SARS-CoV-2 can infect coronary arteries and trigger heart attack, stroke, study suggests

Patient being defibrillated

Vadym Terelyuk / iStock

SARS-CoV-2 can directly infect the arteries of the heart, inflaming the fatty plaque inside and raising the risk of heart attack and stroke, suggests a small study published yesterday in Nature Cardiovascular Research.

A New York University-led team obtained 27 samples of coronary arteries and fatty, or atherosclerotic, plaque at autopsy from eight patients who died of COVID-19. They also infected arterial and plaque cells, including macrophages and foam cells, with SARS-CoV-2; the cells were extracted from healthy patients from May 2020 to May 2021, a period dominated by the wild-type virus.

Macrophages are white blood cells the immune system sends to help clear the virus. They also help sweep cholesterol from the arteries, and when they are overloaded with cholesterol, they change into another kind of macrophage called a foam cell. Foam cells ingest low-density lipoprotein (LDL, or "bad") cholesterol lining blood vessel walls.

The average patient age was 69.6 years, six of the eight patients were men, and all had evidence of coronary artery disease and at least three cardiovascular risk factors, including high blood pressure (8 patients), overweight or obesity (7), high cholesterol levels (7), type 2 diabetes (6), and chronic kidney disease (4). Some had a history of heart attack (1) or ischemic stroke.

The researchers noted that while heart attack and stroke can occur after other respiratory viral infections such as the flu, COVID-19 patients are at more than seven times the risk for stroke than flu patients, and the risk of heart attack and stroke stays elevated for up to 1 year post-infection.

Cytokines promote formation of more plaque

The researchers found SARS-CoV-2 viral RNA in coronary atherosclerotic plaques in all patients—regardless of the extent of plaque buildup, although viral replication was greatest in early-stage lesions that progress to advanced plaques. SARS-CoV-2 gravitated more toward the arterial plaques than toward the fat surrounding the arteries.

The team also showed that the virus infects macrophages at a higher rate than other arterial cells. Cholesterol-filled foam cells were the most vulnerable type of cell to infection and couldn't readily clear the virus, which the authors said suggests that foam cells store SARS-CoV-2 in atherosclerotic plaque. Patients with more plaque, and therefore more foam cells in their arteries, may be at elevated risk for severe COVID-19, the authors said.

The SARS-CoV-2–infected macrophages and foam cells released cytokines, small proteins that increase inflammation and promote the formation of even more plaque, which can break off and cause ischemic cardiovascular events such as heart attack and stroke. The researchers said this finding could explain why some COVID-19 patients with underlying plaque buildup experience cardiovascular complications long after they were infected.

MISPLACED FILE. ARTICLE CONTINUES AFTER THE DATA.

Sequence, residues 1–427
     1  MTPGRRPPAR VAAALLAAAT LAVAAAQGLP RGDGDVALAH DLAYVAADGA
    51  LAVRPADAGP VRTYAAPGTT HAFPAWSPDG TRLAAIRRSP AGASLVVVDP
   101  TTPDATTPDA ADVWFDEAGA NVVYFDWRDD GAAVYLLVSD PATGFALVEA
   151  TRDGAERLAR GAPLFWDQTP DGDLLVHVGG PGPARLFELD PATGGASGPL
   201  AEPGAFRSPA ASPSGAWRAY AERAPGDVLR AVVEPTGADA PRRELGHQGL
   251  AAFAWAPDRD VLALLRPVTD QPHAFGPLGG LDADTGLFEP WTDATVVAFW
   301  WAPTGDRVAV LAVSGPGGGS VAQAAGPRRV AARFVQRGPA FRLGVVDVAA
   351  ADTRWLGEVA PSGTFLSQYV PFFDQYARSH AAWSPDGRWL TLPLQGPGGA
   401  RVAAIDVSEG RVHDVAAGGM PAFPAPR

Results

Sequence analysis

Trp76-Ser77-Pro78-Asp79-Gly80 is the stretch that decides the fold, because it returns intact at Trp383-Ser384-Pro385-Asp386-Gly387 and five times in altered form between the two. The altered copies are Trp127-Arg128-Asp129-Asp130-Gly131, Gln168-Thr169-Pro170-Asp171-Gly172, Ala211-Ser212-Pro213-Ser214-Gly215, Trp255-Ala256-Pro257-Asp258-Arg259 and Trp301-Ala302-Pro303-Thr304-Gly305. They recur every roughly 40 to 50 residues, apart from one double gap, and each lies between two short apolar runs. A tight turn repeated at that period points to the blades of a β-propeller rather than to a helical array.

Three patients had been diagnosed as having myocardial ischemia, or partial or complete blockage of a coronary artery from plaque buildup, in the hospital; one patient had a stroke, and four patients had a greater than 50% coronary artery blockage at autopsy.

Our data establish that SARS-CoV-2 infects coronary vessels, inducing plaque inflammation that could trigger acute cardiovascular complications and increase the long-term cardiovascular risk.

Except for a patient who died before hospital admission, all patients were hospitalized for, on average, 17.6 days. One patient died of a heart attack while hospitalized for the third time.

Results may not apply to younger people, other strains

"SARS-CoV-2 induced a robust inflammatory response in cultured macrophages and human atherosclerotic vascular explants with secretion of cytokines known to trigger cardiovascular events," the researchers wrote. "Our data establish that SARS-CoV-2 infects coronary vessels, inducing plaque inflammation that could trigger acute cardiovascular complications and increase the long-term cardiovascular risk."

In a press release from the National Heart, Lung, and Blood Institute (NHLBI; the study sponsor), Michelle Olive, PhD, acting associate director of the Basic and Early Translational Research Program at NHLBI, said, "Since the early days of the pandemic, we have known that people who had COVID-19 have an increased risk for cardiovascular disease or stroke up to one year after infection. We believe we have uncovered one of the reasons why."

Olive was not involved in the study.

"This is just one more study that demonstrates how the virus both infects and causes inflammation in many cells and tissues throughout the body," she added. "Ultimately, this is information that will inform future research on both acute and Long COVID.”

The researchers cautioned that the findings can't be generalized to younger, healthy people or those infected with strains that superseded the wild-type virus.


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